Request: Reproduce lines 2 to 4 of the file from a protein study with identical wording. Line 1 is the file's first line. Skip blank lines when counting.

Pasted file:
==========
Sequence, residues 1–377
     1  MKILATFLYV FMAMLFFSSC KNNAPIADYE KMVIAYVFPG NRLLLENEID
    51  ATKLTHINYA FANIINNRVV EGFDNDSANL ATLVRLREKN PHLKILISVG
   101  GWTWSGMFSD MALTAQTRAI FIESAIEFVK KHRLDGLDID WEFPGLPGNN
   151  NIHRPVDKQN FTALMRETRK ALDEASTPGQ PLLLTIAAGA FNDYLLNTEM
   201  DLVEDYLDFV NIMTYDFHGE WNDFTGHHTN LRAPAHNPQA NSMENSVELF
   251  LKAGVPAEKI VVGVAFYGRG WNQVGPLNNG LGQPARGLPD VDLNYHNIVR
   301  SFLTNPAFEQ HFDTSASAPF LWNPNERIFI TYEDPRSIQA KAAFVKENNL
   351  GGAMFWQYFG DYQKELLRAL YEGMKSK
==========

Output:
     1  MKILATFLYV FMAMLFFSSC KNNAPIADYE KMVIAYVFPG NRLLLENEID
    51  ATKLTHINYA FANIINNRVV EGFDNDSANL ATLVRLREKN PHLKILISVG
   101  GWTWSGMFSD MALTAQTRAI FIESAIEFVK KHRLDGLDID WEFPGLPGNN